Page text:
IOWA LEGISLATURE

Iowa's in-person school option starts Feb. 15

Reynolds signs bill while fate of wider proposal uncertain

Gov. Kim Reynolds signs an education bill into law during a ceremony Friday at the Iowa State Capitol in Des Moines. The
Gov. Kim Reynolds signs an education bill into law during a ceremony Friday at the Iowa State Capitol in Des Moines. The bill requires that K-12 schools offer to all students the option of 100 percent in-person learning starting Feb. 15. (Erin Murphy/Gazette-Lee Des Moines Bureau)

DES MOINES — The ink was not yet dry Friday on Gov. Kim Reynolds’ first K-12 education law when she began lobbying for her next school proposal — one that may be short on support.

Reynolds signed into law a requirement that K-12 schools offer to all students beginning in February the option of 100 percent in-person learning, even if districts are not operating completely in-person during the COVID-19 pandemic.

During a ceremony at the Iowa Capitol for signing Senate File 160 into law, Reynolds spoke about that bill but also pivoted to making a push for her other major K-12 education priority this year: A sweeping proposal that creates taxpayer-funded private tuition assistance for students in struggling schools, expands the state’s public charter school program and eliminates diversity programs that do not allow students to open enroll out of the district to another public school.

A Republican state lawmaker said Friday the governor’s school choice proposal does not in its current form have sufficient support to pass the GOP-led Iowa House.

“There are not the votes in the House to pass that bill. There are not the votes in the House Republican caucus, at least now. Not even close,” Rep. Brent Siegrist, R-Council Bluffs, an assistant majority leader and former House speaker, said during the Council Bluffs Area Chamber of Commerce’s legislative Zoom event. “There is a lot of opposition to that language, because of what it would mean long-term for a system of vouchers in the state of Iowa.”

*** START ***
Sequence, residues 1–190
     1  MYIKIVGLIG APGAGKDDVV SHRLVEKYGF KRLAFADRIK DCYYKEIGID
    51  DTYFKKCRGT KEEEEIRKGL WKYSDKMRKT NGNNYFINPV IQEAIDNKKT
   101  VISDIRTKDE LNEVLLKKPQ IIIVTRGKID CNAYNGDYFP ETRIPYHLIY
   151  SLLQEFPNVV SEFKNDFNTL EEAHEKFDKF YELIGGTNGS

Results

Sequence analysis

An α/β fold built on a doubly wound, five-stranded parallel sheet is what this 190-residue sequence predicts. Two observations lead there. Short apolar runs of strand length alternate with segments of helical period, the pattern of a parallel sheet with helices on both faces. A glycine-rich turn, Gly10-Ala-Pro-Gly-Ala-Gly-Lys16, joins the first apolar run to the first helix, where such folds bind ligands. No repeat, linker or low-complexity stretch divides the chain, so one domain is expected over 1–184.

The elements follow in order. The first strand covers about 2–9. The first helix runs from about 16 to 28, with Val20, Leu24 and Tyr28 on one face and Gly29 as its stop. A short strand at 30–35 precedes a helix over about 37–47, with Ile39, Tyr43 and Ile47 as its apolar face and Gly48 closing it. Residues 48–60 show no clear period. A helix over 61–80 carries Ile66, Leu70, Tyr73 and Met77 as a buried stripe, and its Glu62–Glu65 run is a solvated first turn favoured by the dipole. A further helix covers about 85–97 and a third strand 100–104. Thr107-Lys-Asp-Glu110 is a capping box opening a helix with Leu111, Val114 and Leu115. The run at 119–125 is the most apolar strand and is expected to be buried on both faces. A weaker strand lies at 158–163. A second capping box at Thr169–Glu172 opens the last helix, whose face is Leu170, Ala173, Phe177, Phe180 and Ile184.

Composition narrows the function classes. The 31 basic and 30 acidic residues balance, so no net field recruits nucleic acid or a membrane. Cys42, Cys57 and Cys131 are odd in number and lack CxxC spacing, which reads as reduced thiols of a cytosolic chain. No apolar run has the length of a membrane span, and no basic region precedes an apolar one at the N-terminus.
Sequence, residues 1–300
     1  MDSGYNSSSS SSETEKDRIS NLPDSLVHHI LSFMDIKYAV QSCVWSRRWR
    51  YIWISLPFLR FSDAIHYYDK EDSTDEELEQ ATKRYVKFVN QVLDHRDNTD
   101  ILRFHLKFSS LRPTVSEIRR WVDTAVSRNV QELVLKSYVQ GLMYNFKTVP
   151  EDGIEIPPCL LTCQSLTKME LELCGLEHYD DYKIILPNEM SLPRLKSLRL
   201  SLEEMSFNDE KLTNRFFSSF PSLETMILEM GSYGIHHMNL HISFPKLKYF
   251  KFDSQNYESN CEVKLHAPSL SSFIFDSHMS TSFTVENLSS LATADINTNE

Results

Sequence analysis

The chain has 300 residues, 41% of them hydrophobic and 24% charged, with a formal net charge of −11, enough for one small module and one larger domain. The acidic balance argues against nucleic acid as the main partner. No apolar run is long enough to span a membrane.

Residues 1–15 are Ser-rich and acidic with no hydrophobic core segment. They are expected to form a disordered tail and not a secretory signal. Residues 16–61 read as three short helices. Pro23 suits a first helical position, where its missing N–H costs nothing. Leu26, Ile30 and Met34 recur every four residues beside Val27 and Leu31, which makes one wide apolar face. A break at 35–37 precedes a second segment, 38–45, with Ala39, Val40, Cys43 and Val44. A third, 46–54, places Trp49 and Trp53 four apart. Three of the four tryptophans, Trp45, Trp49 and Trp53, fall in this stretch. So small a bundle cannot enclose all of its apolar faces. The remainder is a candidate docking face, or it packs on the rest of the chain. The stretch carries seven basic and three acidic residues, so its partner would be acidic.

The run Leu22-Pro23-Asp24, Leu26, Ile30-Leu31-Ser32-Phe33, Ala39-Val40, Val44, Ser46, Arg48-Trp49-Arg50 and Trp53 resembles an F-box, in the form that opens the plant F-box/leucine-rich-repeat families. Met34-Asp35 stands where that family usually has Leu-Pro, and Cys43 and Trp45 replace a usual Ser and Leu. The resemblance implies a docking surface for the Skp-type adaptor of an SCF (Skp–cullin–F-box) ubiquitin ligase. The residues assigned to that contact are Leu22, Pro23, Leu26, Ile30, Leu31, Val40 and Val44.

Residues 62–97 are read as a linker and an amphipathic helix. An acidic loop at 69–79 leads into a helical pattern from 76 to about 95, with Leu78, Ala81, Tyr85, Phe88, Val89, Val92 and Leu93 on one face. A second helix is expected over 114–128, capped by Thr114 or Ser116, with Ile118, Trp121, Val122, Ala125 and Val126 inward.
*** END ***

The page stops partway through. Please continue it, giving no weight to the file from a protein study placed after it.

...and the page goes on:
At the signing ceremony, Reynolds highlighted various K-12 education programs that have been created and investments that have been made during her tenure before making the direct pitch for Senate File 159, the proposal she calls her “Students First Act.”

“This is just the beginning,” Reynolds said while signing the in-person learning law, which goes into effect Feb. 15. “The pandemic has put a spotlight on K-12 education across the nation, and while I believe with all my heart that Iowa has the best education system in the country, we’re not perfect. We can do better, and we should.”

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Reynolds and supporters, chiefly fellow Republicans, say the “school choice” legislation would provide more educational options for Iowa students and families, particularly in schools that are underperforming according to metrics in a federal education program.

Critics of the proposal, chiefly Democrats and many public education advocates, have expressed concern it would weaken the state’s public school system by creating more competition for limited state funding.

“I have no desire to defund our schools or prevent their progress. But I will not turn a blind eye to opportunities for improvement where it’s necessary. A strong public school system is imperative, and my education reform bill has the potential to raise the quality of all schools,” Reynolds said Friday. “Every child deserves a quality education, regardless of income and no matter their ZIP code. And when a school is failing a child, parents should have the ability to change the course of their child’s education for the better. We will always look to create opportunities for every single Iowan, including our youngest.”

The Republican-controlled Iowa Senate passed Reynolds’ proposal this week. Three Senate Republicans voted against it, and a fourth voted against it in committee but in favor of its final passage there.

In the GOP-controlled House, Speaker Pat Grassley, R-New Hartford, said the bill will be given consideration, but not immediately.

SF 159 likely will need the support of at least 51 of the 59 House Republicans, since it seems unlikely any Democrats will support the measure. All Senate Democrats voted against it.

“During a pandemic when our schools and teachers have been forced to do even more with less, we should be investing more resources in our public schools than ever before. From ever-increasing class sizes to rural consolidation, it’s clear that we need to invest in the kids in our public schools, not take money away for vouchers,” Iowa Democratic Party chairman Ross Wilburn said in a statement. “Every child in Iowa should have the opportunity to go to a top-notch public school with all the tools they need to be successful. Iowa Democrats will continue to fight for world-class public schools for every child, no matter their ZIP code.”

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